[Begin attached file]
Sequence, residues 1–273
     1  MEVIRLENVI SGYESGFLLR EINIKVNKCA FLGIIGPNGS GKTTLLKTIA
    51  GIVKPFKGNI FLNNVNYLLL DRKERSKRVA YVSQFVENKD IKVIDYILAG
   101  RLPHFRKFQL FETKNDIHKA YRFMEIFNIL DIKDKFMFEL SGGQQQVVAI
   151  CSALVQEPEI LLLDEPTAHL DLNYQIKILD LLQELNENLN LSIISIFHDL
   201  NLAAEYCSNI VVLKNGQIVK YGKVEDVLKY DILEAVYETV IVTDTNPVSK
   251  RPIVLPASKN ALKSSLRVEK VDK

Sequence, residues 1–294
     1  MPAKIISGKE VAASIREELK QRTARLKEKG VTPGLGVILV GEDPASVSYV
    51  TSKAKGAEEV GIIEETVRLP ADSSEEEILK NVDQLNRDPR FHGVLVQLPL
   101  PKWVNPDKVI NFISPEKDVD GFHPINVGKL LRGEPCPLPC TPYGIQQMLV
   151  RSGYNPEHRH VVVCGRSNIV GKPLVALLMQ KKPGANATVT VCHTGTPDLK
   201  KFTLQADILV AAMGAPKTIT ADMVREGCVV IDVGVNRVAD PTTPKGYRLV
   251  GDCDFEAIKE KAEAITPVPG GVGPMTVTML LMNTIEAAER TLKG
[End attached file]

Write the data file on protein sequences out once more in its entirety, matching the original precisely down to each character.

Sequence, residues 1–273
     1  MEVIRLENVI SGYESGFLLR EINIKVNKCA FLGIIGPNGS GKTTLLKTIA
    51  GIVKPFKGNI FLNNVNYLLL DRKERSKRVA YVSQFVENKD IKVIDYILAG
   101  RLPHFRKFQL FETKNDIHKA YRFMEIFNIL DIKDKFMFEL SGGQQQVVAI
   151  CSALVQEPEI LLLDEPTAHL DLNYQIKILD LLQELNENLN LSIISIFHDL
   201  NLAAEYCSNI VVLKNGQIVK YGKVEDVLKY DILEAVYETV IVTDTNPVSK
   251  RPIVLPASKN ALKSSLRVEK VDK

Sequence, residues 1–294
     1  MPAKIISGKE VAASIREELK QRTARLKEKG VTPGLGVILV GEDPASVSYV
    51  TSKAKGAEEV GIIEETVRLP ADSSEEEILK NVDQLNRDPR FHGVLVQLPL
   101  PKWVNPDKVI NFISPEKDVD GFHPINVGKL LRGEPCPLPC TPYGIQQMLV
   151  RSGYNPEHRH VVVCGRSNIV GKPLVALLMQ KKPGANATVT VCHTGTPDLK
   201  KFTLQADILV AAMGAPKTIT ADMVREGCVV IDVGVNRVAD PTTPKGYRLV
   251  GDCDFEAIKE KAEAITPVPG GVGPMTVTML LMNTIEAAER TLKG